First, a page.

Those of you who have been reading this blog from the beginning will remember from my intro post that I was anxiously awaiting the publication of Withering Tights (HarperTeen 2011) by Louise Rennison. I felt a bit bereft when the Georgia Nicolson series wrapped up. It was time, but I knew I’d miss the mustachioed antics of the Ace Gang. Needless to say, when I discovered that Louise had penned a new spinoff novel about Georgia’s cousin, I was ecstatic. It’s possible that I clapped with glee. No comment. And then I discovered that it was only being published in the UK. HOPES DASHED. I proceeded to do an embarrassing amount of research into how much it would cost to get one here from Britain vs. from Canada, and I discovered that it would be by far the most expensive paperback I owned. So I girded my loins and decided to wait it a few months to see if a US pub date would appear on the horizon. I may have badgered HarperTeen’s twitterer for information, which he or she did not share, much to my chagrin. And finally, a US pub date was announced. HOPES REVIVED. At long last, my copy is here.
Needless to say, I loved this book. I adore Louise Rennison’s writing style, and I think that her voice for teenage girls is spot on. This was a bit of a change from her previous work – it’s quieter and more thoughtful. Her trademark humor still shines through, but Tallulah’s personality isn’t as loud as Georgia’s was. She’s more of an introvert, so her coming into her own is more of a triumph. I really look forward to seeing more of her, so I hope it’s coming (hint, hint), and I hope that the US & UK pub dates will coincide next time (HINT, HINT).
Withering Tights is the story of Tallulah Casey, aged 14, and headed to Yorkshire for a summer program at a school for the arts. Tallulah has signed up for this program because her other option was to do some sort of camping thing with her younger brother which would result in him feeding her sandwiches filled with insects if past experience is to be trusted. Read: Tallulah did not sign up for this because of any a) known talent for the arts outside of Irish dancing, or b) passion for them. However, she likes the arts, and she’s game to try everything – singing, dancing, improv, etc. Sadly, she does not excel in any of her classes. An unfortunate predilection for saying the first thing that pops into her head eventually results in her writing and putting on a BICYCLE BALLET with her new friends (who do excel at song and dance, fortunately). It goes beautifully right up to the end when her skirt gets caught in the spokes during the grand finale and rips off so that she has to wear a trash bag around for the rest of the day. I’m not sure why she doesn’t just commandeer a bit of costume since this is a school for the arts, but they did not ask me. All is not lost, though. Dance of the Sugar Plum Bikey and other performances such as a mime owl (owls are big in this book. It’s the country) reveal Tallulah’s talent for comedy, which rebel teacher Fox, Blaise Fox noticed from the get-go. She casts Tallulah as Heathcliff in the class’s COMEDIC interpretation of Wuthering Heights, the grand finale of the summer program. Now, if I wasn’t already on board with this book because of my deep affection for the author, this would have done it. I LOVE an unreliable narrator, and thus Wuthering Heights is high on my list of top classic novels. I wrote a paper on its narrative structure once. It rocked. Ahem. So, the idea of making depressing, incestuous, star-crossed, moor-dwelling lovers into a comedy is amazing. *jumps* (This is me hopping on board.) Obviously, the play is a huge success. There’s even a dog, which the cinematic classic Shakespeare in Love teaches us is always a hit with the audience. Tallulah is revealed as an excellent comedienne, and she even gets to wear the mustache that her cousin Georgia sent with her. The discovery of her comedic gifts also ensures her place at school for the next term. I smell a sequel. Excellent.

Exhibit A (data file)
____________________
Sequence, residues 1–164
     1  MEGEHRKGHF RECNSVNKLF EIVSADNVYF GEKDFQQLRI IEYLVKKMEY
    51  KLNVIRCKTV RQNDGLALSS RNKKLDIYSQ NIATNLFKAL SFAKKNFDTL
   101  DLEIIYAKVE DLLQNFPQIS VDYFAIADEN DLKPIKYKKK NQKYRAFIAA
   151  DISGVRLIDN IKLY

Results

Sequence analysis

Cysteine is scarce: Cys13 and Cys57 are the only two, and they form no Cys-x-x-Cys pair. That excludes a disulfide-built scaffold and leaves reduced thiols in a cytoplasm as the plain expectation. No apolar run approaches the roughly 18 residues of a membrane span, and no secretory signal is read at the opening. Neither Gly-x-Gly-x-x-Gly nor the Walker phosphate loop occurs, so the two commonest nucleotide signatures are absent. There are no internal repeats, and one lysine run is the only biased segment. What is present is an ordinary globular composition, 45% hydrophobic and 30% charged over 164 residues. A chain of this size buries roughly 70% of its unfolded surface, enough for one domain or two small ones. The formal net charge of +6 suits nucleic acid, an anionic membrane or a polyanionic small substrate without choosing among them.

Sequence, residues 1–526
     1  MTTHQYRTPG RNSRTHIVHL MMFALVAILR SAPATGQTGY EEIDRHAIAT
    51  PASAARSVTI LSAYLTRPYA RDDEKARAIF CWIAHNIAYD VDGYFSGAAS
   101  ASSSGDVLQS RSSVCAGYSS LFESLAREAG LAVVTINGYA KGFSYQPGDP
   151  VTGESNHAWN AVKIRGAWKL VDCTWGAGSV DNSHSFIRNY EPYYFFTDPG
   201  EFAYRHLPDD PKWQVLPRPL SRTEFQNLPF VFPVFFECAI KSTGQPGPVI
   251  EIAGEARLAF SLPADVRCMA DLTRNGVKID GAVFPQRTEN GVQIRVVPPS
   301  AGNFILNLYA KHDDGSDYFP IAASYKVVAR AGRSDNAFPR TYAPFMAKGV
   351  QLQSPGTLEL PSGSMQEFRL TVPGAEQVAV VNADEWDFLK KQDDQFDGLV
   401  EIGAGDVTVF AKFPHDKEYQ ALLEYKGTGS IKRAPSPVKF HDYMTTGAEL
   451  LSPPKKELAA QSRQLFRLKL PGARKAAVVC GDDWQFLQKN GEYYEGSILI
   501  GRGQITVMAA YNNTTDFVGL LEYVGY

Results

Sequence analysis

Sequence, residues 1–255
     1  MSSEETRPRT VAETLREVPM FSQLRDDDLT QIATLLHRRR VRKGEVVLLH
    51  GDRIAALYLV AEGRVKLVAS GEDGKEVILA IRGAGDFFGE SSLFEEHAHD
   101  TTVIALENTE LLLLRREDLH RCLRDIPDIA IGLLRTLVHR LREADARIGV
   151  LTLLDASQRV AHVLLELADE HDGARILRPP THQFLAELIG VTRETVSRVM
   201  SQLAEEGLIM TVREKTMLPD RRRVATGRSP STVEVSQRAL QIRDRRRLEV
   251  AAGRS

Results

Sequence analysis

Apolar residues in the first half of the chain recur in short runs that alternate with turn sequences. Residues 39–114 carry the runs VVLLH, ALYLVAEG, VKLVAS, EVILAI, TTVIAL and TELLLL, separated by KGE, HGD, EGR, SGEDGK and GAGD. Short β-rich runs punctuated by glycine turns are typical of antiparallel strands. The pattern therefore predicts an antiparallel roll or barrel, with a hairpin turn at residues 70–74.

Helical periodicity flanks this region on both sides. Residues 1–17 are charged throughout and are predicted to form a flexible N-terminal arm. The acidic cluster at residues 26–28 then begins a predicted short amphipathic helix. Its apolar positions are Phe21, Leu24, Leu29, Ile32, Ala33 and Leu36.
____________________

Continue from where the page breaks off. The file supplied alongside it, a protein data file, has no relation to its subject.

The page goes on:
Of course, for those of you who joined me on the Georgia Nicolson Fun Train, there is plenty of preoccupation among Tallulah and her friends with the possibility of going on first dates, first kisses (spoiler – AWKWARD), and all the other agonies of being fourteen and a half. Don’t worry that she’s found herself in an all-girls school. Dother Hall is just over the hill from a school for boys who have been sent away for bad behavior. Built-in bad boys! Of course, none of them really act like bad boys – the actual bad boys are three local brothers, one of whom inspired Tallulah’s interpretation of Heathcliff, thus cementing her place in school next term. The worst offense that I noticed from the Correctional School Crew was the shortcut they took – thereby meeting the girls – to avoid completing their 6 mile run. (I don’t blame them – running is dull. I wish I saw the appeal. Exercising would be so much better if it was fun.) I kept waiting to find out what the deep dark secret was about why they were all at this school for boys who misbehave but not enough to be sent to actual bootcamp. Unless this is just the closest thing that Yorkshire has to offer to bootcamp. It’s quite possible that it’s an American invention for unruly teenagers. Anyway, veering back to the subject at hand, even though Tallulah’s first date did not go as well as she might have hoped, and she does find someone she genuinely likes, and everything is coming up roses – he’s sweet, he admires her knobbly knees, he doesn’t mock her obsession with the owlets in the barn. What more could a girl want? And then he drops a bombshell – GIRLFRIEND. This is another reason I need the next book. WHAT WILL BECOME OF THIS NEWBORN GOING OUT-NESS? Lawks-a-mercy, as Tallulah would say.
*Yorkshire way of saying “Hurrah!” You’ll find this and more interesting vocabulary words in the handy glossary in the back.